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Archive for February, 2017

Marcel, Bangkok

Craving for Gaellic classics with a few creative twists thrown in? Marcel is the place to go to if you want to have a taste of France. Let your palate enjoy delicacies like mussels and duck confit rilletes. All you have to do is book ahead to enjoy that and the atmosphere of the bistro’s first floor.

There’s also no need to shy away from the high tables near the bar, home to a bartender who can serve up a good Baudelaire (spiced rum, ginger, honey syrup and lemon). Or you could choose from a list of 18 or more delectable wines from France and Italy to accompany your meal.

The perfect item off the menu to start with would be a generous variety of “tapas”. Along with a bowl topped with deep fried potatoes sliced into thin, crispy strands, the well-seasoned beef tartar that comes with it gives your taste buds a spin. And unlike the usual calamari most restaurants serve, Marcel opts to stir-fry them with chorizo and pastis, giving them a light crunch.

Although they don’t have the taste of perfection, Marcel’s appetizers and mains still leaves your stomach satisfied. The goat cheese salad gets a thumbs up and would have gotten full marks if more

walnuts and better greens were added. The lamb short loin is also wonderfully tasty with tender meat, save for the stone-cold carrot puree on our last visit.

One dish that is guaranteed to bring Marcel up to five stars (in our humble opinion) however, is the juicy, plump mussels, served up in a pot with crispy, golden French Fries on the side that is tastefully drizzled with a light mariniere cream sauce packed with flavor.

Their food isn’t the only thing there is to be offered at Marcel’s. The French partner/manager stays a vigilant figure in the bistro and the waiters waste no time in coming to your call. You’ll feel as if you’ve been transported to Paris at the height of the early 2000s with the electro house soundtrack driving along the atmosphere as you wine and dine, along with the comforting presence of the central bar.

Unlike the grumpy old men that seemed to be the image of Gaellic restaurateurs in the past, Marcel is often bustling with a mix of local and foreigners, most of whom are Francophones. So if there’s a chance you want to speak French with a new friend, Marcel is the place for you to make your acquaintance.

La Table de Tee, Bangkok

Frequent visitors to Thailand often sing praises of its vibrant streets and its status as a veritable paradise for food-lovers. Past the bustling hawker stalls in the main roads, there are countless hidden gems just out of sight, perfect for the adventurous traveler to uncover. Just minutes away from the BTS and MRT stops on Silom Road; Bangkok, down a back-alley path on Soi Sala Daeng, you will find La Table de Tee. A French restaurant whose culinary works of art marries the best of French cuisine to favourite local flavours and is sure to delight even the most discerning of palates. The best part? It’s unlikely to burn a hole in your pocket.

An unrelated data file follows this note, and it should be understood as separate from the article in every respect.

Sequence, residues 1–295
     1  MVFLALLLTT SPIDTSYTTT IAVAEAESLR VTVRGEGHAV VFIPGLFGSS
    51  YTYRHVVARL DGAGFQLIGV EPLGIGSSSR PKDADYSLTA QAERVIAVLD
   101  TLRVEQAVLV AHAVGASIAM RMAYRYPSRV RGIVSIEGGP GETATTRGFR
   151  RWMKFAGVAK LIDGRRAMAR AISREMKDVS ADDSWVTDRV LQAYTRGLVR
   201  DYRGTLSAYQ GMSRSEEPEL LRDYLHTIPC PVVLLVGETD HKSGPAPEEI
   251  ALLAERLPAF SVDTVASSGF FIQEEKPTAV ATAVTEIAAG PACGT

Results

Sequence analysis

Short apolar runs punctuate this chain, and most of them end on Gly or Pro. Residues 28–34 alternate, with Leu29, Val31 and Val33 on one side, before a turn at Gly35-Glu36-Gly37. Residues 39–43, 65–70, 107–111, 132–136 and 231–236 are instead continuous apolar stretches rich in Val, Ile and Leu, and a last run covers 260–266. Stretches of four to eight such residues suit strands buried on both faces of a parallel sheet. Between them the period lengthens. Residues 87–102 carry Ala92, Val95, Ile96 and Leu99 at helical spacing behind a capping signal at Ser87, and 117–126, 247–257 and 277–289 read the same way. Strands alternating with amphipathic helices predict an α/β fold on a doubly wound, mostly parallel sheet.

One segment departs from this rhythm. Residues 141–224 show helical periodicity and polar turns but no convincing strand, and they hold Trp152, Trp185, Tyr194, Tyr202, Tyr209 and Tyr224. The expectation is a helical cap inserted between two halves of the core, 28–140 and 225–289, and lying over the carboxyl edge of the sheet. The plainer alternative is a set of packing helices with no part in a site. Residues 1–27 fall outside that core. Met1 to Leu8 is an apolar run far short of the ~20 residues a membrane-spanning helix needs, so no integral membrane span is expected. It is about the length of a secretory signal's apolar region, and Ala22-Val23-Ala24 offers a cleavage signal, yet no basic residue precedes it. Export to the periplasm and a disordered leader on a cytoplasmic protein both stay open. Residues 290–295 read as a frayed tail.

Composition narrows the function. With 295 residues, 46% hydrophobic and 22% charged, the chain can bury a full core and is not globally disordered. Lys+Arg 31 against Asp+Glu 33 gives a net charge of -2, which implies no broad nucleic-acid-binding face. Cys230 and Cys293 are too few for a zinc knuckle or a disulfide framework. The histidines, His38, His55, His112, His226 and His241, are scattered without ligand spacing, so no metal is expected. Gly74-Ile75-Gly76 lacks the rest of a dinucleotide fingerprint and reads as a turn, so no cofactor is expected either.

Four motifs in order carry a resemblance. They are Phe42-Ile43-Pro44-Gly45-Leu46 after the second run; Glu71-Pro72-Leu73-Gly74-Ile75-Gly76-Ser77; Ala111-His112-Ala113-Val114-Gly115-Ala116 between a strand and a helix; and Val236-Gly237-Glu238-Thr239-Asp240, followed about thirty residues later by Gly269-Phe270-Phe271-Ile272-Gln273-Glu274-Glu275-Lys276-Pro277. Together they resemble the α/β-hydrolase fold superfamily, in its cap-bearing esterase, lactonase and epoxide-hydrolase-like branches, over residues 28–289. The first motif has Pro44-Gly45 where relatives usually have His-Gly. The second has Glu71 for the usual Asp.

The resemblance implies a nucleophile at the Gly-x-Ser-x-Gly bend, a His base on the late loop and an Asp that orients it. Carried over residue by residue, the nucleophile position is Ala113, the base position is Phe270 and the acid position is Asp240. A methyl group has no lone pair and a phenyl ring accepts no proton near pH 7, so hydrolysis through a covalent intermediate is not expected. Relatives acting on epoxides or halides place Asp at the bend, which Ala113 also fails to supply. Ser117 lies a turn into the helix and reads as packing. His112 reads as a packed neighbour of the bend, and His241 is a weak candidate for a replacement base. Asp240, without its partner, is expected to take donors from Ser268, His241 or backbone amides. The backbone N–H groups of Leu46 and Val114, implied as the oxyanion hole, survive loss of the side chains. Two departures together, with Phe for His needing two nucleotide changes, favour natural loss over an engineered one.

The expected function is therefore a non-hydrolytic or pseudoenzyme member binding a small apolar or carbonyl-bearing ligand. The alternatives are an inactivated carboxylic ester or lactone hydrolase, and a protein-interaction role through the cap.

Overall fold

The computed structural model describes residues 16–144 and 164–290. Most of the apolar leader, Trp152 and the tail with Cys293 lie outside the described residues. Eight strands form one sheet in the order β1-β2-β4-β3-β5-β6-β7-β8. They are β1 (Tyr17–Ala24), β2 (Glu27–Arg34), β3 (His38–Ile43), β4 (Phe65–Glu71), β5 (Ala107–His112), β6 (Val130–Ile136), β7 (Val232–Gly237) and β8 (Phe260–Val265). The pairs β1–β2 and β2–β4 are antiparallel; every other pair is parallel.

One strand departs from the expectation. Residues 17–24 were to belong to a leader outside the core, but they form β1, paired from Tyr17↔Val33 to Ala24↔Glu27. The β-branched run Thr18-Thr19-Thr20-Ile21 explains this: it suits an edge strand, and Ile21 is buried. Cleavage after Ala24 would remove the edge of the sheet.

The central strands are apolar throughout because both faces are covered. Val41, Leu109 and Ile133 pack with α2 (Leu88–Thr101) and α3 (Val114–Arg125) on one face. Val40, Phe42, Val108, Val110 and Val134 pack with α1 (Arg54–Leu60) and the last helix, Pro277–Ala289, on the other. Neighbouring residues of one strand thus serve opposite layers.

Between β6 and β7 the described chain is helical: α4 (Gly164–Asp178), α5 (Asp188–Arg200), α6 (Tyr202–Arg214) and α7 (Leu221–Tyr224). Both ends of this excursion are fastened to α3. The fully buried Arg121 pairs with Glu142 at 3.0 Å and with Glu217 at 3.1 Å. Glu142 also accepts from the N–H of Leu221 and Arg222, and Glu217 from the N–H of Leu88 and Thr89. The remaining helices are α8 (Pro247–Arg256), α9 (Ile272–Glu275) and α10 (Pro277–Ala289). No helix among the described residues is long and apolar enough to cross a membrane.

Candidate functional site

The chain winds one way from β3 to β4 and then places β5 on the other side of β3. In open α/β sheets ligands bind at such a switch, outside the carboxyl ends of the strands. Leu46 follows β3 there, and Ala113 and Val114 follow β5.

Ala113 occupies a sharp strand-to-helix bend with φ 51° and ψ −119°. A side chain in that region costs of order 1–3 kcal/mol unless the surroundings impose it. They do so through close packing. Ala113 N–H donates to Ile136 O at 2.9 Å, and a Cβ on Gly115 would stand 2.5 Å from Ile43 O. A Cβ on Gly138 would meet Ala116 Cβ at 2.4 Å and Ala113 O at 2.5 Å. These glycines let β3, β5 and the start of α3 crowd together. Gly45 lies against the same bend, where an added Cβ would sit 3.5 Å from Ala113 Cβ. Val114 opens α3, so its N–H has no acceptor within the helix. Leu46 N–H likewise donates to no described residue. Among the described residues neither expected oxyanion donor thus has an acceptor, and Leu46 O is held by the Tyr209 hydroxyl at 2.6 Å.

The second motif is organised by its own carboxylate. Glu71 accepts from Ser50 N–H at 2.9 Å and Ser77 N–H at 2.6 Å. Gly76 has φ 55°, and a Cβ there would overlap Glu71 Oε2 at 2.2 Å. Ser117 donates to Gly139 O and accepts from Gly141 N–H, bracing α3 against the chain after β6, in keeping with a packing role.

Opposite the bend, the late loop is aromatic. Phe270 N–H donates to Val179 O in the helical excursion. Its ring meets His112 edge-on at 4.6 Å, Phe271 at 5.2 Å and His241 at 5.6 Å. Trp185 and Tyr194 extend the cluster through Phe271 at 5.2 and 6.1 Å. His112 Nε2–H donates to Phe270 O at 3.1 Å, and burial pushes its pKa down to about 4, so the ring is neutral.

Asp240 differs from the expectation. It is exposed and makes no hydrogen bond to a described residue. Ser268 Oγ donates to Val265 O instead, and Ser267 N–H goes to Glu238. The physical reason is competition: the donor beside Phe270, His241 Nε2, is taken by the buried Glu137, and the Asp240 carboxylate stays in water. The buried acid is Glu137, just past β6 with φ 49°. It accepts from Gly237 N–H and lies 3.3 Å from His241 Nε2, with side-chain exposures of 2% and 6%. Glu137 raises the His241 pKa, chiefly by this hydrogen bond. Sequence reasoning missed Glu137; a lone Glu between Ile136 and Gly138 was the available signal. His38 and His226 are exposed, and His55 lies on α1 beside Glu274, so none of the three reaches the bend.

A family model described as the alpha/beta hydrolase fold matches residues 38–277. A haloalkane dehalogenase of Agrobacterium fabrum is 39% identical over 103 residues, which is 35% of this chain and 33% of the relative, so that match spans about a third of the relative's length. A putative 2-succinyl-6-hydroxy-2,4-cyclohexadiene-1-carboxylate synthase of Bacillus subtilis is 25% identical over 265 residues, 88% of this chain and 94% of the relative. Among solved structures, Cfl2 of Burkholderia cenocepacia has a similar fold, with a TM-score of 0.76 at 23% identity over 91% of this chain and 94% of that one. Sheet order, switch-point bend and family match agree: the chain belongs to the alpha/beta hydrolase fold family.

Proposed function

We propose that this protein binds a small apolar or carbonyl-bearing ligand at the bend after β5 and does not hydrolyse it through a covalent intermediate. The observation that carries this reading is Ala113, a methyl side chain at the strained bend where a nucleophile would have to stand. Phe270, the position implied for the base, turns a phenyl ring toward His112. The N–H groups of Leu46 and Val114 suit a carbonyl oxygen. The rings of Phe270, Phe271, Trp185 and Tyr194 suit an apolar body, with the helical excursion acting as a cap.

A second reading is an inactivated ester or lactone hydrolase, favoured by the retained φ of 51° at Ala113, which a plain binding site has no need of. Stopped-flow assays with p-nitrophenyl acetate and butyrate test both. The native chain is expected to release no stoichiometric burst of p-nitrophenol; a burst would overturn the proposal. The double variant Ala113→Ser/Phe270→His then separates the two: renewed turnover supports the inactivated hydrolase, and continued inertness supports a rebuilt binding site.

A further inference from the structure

The setting is simple, yet tasteful with red wood furnishings aside sky blue walls. Photographs showcasing the heart and soul of the city provide a homely touch to the atmosphere. Visitors making their way up the stairs are offered a peek into the world of the team and their craft. The restaurant is named after Tee Kachonklin, the brain child of the establishment. After training in London for six years, the young Thai Chef found similarities in the many rich flavours of the west, and returned to set up his own restaurant which pays homage to both classic Thai and French cooking techniques using locally sourced ingredients. The set menu changes on a weekly basis.

The typical tasting set is a five-course meal and a steal at only 1,150 baht (not inclusive of service charge) per person. Though portion sizes are adequate for the average diner, it is easy to lose oneself in the burst of sensational flavor and freshness. The first course usually starts with a soup and we were lucky enough to try the Tiger Prawn and Cumin Soup, packed with huge succulent prawns accompanied by a serving of Pasta a Riso, teased with crunchy bacon bites in a creamy cauliflower soup. The next course was a perfect combination of thick balsamic dressing drizzled over slices of pink duck, accompanied by firm asparagus tips and sweet char-grilled red peppers. For the third course, we were presented with a choice of either Mushroom Risotto or a Pink Bream with Garlic. I chose the fish. Served in bite-sized cuts, the bream was seared to perfection. With a warming hint of spice, the fish is covered in a rich, smoky tomato reduction and paired with thick cubes of courgetti and aubergine. Finally, the main course which was nothing short of spectacular. Black Angus and Ginger; the fillet is served medium-rare with potato and foie gras purée, mushrooms and needle beans. Simple, yet such a splendor in rich flavors and tenderness. For diners who love wine with their red meat, you will be happy to know that they offer a decent wine menu. With glasses starting at only 240 baht, choose between Thai, French or New World selections. The cocktail menu is short but they make up for it with very decent and strong mixes. And lastly for non-alcoholic fans, their Shirley Temple is a lovely choice.

Every food adventure is almost obligated to end with a sweet note. And it is truly what I look forward to the most at the end of a meal. We were asked to choose again at dessert and I picked a mixed berry parfait. An assortment of colours greeted me as layers of lime ice-cream, shortbread and berry mousse, spilling with sweet frozen grapes and strawberries topped with a crisp chocolate tuille. As I ended the night with an order of their delicious aromatic coffee, a befitting close to a fantastic meal and service, the friendly staff surprises again with fresh fruit jelly and a macaroon. Extremely stuffed and not a crumb left later, I found myself already looking forward to my next visit.